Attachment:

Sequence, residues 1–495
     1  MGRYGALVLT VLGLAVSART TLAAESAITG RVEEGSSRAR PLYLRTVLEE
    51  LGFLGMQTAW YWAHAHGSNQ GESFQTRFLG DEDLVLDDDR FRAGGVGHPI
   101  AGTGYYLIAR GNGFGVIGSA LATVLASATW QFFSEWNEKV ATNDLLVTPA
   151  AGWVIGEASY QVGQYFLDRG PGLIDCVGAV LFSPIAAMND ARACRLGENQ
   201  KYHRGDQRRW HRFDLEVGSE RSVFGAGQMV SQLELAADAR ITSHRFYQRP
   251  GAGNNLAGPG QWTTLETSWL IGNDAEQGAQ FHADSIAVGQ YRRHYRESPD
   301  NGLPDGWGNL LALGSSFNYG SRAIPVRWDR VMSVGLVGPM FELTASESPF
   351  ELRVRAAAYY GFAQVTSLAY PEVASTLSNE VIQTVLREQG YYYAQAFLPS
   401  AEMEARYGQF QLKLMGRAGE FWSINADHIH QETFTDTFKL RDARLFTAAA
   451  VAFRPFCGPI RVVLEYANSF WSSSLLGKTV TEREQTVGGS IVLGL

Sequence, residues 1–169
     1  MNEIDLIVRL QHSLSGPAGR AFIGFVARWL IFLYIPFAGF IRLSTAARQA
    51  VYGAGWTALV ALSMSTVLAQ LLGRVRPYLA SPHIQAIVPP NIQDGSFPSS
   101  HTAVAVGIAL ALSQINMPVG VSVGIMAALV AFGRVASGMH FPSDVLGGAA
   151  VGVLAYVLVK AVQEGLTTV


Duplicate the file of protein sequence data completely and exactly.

Sequence, residues 1–495
     1  MGRYGALVLT VLGLAVSART TLAAESAITG RVEEGSSRAR PLYLRTVLEE
    51  LGFLGMQTAW YWAHAHGSNQ GESFQTRFLG DEDLVLDDDR FRAGGVGHPI
   101  AGTGYYLIAR GNGFGVIGSA LATVLASATW QFFSEWNEKV ATNDLLVTPA
   151  AGWVIGEASY QVGQYFLDRG PGLIDCVGAV LFSPIAAMND ARACRLGENQ
   201  KYHRGDQRRW HRFDLEVGSE RSVFGAGQMV SQLELAADAR ITSHRFYQRP
   251  GAGNNLAGPG QWTTLETSWL IGNDAEQGAQ FHADSIAVGQ YRRHYRESPD
   301  NGLPDGWGNL LALGSSFNYG SRAIPVRWDR VMSVGLVGPM FELTASESPF
   351  ELRVRAAAYY GFAQVTSLAY PEVASTLSNE VIQTVLREQG YYYAQAFLPS
   401  AEMEARYGQF QLKLMGRAGE FWSINADHIH QETFTDTFKL RDARLFTAAA
   451  VAFRPFCGPI RVVLEYANSF WSSSLLGKTV TEREQTVGGS IVLGL

Sequence, residues 1–169
     1  MNEIDLIVRL QHSLSGPAGR AFIGFVARWL IFLYIPFAGF IRLSTAARQA
    51  VYGAGWTALV ALSMSTVLAQ LLGRVRPYLA SPHIQAIVPP NIQDGSFPSS
   101  HTAVAVGIAL ALSQINMPVG VSVGIMAALV AFGRVASGMH FPSDVLGGAA
   151  VGVLAYVLVK AVQEGLTTV